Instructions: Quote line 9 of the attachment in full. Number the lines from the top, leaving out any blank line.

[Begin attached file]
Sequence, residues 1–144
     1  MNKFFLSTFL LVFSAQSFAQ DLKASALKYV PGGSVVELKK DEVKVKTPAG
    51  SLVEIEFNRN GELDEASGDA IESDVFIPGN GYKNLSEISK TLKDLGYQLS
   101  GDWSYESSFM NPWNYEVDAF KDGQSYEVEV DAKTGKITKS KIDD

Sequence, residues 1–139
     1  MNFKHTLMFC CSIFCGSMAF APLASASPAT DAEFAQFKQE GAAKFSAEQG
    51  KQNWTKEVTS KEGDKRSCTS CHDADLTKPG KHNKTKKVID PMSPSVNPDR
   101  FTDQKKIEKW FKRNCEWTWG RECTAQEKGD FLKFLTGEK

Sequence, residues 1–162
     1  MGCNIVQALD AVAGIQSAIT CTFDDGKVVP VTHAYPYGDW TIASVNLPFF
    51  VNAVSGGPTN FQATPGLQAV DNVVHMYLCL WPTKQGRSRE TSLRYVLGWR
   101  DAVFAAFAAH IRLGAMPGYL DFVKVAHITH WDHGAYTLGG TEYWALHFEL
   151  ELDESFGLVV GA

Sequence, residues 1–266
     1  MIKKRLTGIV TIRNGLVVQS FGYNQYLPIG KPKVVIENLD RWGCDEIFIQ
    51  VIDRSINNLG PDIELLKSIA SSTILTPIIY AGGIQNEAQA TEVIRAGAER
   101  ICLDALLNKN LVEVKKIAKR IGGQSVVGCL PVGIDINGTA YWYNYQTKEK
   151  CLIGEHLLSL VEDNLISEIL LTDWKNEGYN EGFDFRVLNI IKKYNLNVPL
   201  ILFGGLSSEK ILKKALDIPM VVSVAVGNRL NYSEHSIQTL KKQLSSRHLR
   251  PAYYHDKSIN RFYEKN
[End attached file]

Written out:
Sequence, residues 1–162